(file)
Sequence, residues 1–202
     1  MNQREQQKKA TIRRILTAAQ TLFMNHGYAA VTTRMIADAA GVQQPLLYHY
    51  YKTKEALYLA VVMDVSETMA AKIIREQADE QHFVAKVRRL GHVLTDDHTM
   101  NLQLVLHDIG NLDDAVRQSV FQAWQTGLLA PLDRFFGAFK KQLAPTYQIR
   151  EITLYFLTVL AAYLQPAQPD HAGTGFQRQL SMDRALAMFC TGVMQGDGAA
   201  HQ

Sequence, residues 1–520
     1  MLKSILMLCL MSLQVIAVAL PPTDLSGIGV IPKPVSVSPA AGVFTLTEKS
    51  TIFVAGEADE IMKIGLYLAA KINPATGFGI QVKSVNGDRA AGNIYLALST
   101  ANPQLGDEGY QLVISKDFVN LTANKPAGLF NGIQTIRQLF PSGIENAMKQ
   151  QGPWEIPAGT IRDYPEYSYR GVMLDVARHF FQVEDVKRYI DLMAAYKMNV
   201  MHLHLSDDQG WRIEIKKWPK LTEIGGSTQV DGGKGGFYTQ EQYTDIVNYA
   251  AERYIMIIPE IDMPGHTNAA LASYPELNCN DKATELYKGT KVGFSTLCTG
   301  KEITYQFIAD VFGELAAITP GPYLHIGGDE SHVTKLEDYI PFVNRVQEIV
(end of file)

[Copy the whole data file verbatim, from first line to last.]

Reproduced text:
Sequence, residues 1–202
     1  MNQREQQKKA TIRRILTAAQ TLFMNHGYAA VTTRMIADAA GVQQPLLYHY
    51  YKTKEALYLA VVMDVSETMA AKIIREQADE QHFVAKVRRL GHVLTDDHTM
   101  NLQLVLHDIG NLDDAVRQSV FQAWQTGLLA PLDRFFGAFK KQLAPTYQIR
   151  EITLYFLTVL AAYLQPAQPD HAGTGFQRQL SMDRALAMFC TGVMQGDGAA
   201  HQ

Sequence, residues 1–520
     1  MLKSILMLCL MSLQVIAVAL PPTDLSGIGV IPKPVSVSPA AGVFTLTEKS
    51  TIFVAGEADE IMKIGLYLAA KINPATGFGI QVKSVNGDRA AGNIYLALST
   101  ANPQLGDEGY QLVISKDFVN LTANKPAGLF NGIQTIRQLF PSGIENAMKQ
   151  QGPWEIPAGT IRDYPEYSYR GVMLDVARHF FQVEDVKRYI DLMAAYKMNV
   201  MHLHLSDDQG WRIEIKKWPK LTEIGGSTQV DGGKGGFYTQ EQYTDIVNYA
   251  AERYIMIIPE IDMPGHTNAA LASYPELNCN DKATELYKGT KVGFSTLCTG
   301  KEITYQFIAD VFGELAAITP GPYLHIGGDE SHVTKLEDYI PFVNRVQEIV